History of the City Seal
The City of Alameda was first incorporated April 19, 1854. On January 12, 1885, the Official Seal of the City was approved. The seal was designed by William V. Gray. Mr. Gray was paid $11.00 for designing and engraving the seal.
In the border of the seal, the State Flower of California, the California Poppy, is displayed in addition to the name of the City. Freely translated, the Latin inscription “Prosperitas terra mari que” means prosperity from the land and sea. The central figure is Ceres, goddess of grain and harvests. Ceres carries an offering of rich produce and has flowers at her feet. Behind Ceres is an anvil with a sledge resting upon it typifying industry and commerce. Along the shoreline are factories with smoking stacks.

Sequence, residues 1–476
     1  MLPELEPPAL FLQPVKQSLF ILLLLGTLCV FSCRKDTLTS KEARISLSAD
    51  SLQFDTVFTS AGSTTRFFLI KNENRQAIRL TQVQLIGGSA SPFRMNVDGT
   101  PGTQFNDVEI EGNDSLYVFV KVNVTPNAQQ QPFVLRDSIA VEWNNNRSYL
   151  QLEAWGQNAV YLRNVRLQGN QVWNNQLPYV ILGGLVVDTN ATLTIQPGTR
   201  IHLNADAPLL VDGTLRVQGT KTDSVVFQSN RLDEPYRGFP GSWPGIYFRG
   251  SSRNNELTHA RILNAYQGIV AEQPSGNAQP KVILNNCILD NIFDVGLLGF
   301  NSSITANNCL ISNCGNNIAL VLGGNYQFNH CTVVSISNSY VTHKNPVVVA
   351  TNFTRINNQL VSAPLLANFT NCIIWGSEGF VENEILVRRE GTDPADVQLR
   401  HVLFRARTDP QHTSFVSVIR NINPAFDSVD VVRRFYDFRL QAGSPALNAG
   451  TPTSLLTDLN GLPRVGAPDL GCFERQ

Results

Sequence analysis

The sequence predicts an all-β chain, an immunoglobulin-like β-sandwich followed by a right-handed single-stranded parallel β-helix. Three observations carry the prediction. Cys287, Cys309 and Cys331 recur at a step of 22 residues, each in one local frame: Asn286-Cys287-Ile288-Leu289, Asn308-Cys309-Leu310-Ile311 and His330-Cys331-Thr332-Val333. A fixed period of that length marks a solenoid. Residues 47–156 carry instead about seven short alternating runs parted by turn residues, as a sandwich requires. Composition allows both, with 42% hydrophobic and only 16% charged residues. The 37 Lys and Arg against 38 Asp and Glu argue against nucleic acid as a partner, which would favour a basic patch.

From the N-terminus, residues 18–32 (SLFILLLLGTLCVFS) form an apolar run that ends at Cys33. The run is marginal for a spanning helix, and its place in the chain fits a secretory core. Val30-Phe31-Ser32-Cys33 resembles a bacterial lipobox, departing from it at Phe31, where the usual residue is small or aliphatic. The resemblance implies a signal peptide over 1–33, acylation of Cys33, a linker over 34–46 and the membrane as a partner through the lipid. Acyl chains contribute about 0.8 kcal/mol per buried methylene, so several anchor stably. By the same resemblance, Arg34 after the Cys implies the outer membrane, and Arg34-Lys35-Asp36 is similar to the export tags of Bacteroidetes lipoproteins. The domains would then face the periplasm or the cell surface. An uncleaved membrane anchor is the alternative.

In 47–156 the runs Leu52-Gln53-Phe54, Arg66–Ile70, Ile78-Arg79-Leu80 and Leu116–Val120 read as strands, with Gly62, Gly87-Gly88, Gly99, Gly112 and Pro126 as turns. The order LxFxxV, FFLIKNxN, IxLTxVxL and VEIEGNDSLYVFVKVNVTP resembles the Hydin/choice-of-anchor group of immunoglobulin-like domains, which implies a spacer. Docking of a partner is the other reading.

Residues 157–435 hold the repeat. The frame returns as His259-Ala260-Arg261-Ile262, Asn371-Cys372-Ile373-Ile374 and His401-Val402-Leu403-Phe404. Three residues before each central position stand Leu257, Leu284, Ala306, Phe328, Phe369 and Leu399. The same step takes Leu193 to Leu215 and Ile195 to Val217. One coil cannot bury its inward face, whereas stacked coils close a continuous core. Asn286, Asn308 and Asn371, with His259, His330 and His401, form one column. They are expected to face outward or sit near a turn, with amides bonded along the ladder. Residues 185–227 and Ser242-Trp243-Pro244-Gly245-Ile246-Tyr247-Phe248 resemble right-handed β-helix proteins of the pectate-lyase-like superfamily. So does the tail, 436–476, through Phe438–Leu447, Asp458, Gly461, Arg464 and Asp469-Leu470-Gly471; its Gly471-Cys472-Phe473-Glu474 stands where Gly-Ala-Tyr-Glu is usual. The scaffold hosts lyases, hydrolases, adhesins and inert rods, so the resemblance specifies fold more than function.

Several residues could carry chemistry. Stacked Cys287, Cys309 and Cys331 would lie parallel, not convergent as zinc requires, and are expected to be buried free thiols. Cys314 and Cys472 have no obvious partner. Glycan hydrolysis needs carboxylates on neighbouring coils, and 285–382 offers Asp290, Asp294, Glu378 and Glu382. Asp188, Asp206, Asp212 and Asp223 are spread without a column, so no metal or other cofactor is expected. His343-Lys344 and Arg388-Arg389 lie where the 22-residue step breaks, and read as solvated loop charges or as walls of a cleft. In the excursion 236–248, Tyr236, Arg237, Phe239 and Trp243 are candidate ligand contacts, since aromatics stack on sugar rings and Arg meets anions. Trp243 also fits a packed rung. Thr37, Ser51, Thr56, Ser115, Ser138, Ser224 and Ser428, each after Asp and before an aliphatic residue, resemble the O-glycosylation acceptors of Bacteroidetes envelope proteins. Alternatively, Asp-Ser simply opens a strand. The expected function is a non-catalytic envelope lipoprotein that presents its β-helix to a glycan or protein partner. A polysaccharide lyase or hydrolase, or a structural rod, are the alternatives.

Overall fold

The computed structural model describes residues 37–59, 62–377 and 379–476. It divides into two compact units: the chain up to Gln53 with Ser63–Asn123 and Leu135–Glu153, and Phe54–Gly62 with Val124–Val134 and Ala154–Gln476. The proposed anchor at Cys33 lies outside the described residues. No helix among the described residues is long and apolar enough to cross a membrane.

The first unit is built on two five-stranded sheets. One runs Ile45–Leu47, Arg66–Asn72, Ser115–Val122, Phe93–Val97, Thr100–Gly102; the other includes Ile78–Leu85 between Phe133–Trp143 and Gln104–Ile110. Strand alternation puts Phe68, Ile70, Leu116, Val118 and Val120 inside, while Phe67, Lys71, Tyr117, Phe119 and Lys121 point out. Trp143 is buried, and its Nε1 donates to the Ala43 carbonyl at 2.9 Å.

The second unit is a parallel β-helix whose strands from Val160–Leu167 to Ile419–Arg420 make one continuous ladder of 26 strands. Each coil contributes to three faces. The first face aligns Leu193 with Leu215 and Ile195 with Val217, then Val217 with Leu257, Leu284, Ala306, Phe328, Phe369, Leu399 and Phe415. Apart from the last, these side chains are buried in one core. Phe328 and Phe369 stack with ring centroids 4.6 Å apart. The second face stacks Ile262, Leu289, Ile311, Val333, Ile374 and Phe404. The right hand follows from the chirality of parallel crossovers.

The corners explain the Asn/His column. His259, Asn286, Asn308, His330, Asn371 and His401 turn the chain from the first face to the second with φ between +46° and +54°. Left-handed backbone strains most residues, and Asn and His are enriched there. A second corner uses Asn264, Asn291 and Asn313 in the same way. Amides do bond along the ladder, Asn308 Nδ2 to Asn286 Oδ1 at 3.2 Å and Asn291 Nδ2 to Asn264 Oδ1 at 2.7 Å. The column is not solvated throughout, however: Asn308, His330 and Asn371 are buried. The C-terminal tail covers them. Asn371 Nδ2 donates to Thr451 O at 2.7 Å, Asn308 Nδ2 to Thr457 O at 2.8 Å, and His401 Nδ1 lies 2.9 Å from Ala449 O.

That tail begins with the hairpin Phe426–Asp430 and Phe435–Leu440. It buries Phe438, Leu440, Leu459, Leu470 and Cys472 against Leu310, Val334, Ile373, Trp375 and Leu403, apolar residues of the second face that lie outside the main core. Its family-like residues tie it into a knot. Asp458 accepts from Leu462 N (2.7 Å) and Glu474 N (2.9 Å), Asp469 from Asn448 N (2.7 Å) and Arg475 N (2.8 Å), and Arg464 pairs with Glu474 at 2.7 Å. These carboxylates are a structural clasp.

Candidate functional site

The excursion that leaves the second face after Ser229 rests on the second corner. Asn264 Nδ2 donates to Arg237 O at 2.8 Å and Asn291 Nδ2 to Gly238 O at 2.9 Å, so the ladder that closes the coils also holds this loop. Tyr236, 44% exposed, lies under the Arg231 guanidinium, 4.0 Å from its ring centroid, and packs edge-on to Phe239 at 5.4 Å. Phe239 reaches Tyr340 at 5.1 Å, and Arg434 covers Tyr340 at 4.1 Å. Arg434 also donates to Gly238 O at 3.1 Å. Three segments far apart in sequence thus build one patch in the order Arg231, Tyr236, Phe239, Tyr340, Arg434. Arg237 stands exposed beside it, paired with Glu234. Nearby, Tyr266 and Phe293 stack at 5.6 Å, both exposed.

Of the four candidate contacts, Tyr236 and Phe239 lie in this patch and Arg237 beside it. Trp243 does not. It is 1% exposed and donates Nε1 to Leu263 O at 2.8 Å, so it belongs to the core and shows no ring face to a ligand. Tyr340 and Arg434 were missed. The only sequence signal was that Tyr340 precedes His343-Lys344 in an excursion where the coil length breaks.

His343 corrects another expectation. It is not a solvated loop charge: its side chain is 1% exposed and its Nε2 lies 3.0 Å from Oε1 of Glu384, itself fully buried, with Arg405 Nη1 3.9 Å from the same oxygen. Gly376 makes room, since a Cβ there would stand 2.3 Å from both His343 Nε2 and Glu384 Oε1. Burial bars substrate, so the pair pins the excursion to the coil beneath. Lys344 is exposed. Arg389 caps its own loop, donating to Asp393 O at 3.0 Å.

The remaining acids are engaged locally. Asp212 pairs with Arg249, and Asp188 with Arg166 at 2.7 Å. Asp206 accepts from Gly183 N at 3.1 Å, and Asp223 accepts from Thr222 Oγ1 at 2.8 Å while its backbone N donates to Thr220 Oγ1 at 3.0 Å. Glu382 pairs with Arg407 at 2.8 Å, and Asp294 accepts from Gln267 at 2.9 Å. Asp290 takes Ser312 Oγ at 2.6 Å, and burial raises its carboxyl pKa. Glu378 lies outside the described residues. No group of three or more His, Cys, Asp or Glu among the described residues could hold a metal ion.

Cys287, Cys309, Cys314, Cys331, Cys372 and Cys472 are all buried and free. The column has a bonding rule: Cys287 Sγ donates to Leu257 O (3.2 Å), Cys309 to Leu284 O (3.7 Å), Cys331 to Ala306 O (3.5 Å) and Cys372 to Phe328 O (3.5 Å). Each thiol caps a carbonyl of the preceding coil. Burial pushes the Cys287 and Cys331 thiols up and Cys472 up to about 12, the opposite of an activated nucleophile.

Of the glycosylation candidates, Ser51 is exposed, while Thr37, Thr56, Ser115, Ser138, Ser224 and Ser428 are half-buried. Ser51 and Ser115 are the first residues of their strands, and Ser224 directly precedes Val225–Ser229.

On November 16, 2004, the City Council amended the City seal to include the incorporation date in the border.
History of the City Flag
The flag of Alameda recognizes our distinctive nautical orientation in various ways: basically an adaptation of the international signal flag for the letter A, added to the white field is a red star from the flag of the state of California, and the blue side is balanced with a white star from the American flag. A corresponding and balancing water motif runs along the bottom. In the center is a monogram, intertwining a victorian era capital letter A with an anchor, a symbol not only of things maritime but also of stability and home and faith. Incidentally, the swallow tail of the flag is not only distinctive, but could well evoke memories of the flag of the Alaska Packers of our turn of the century.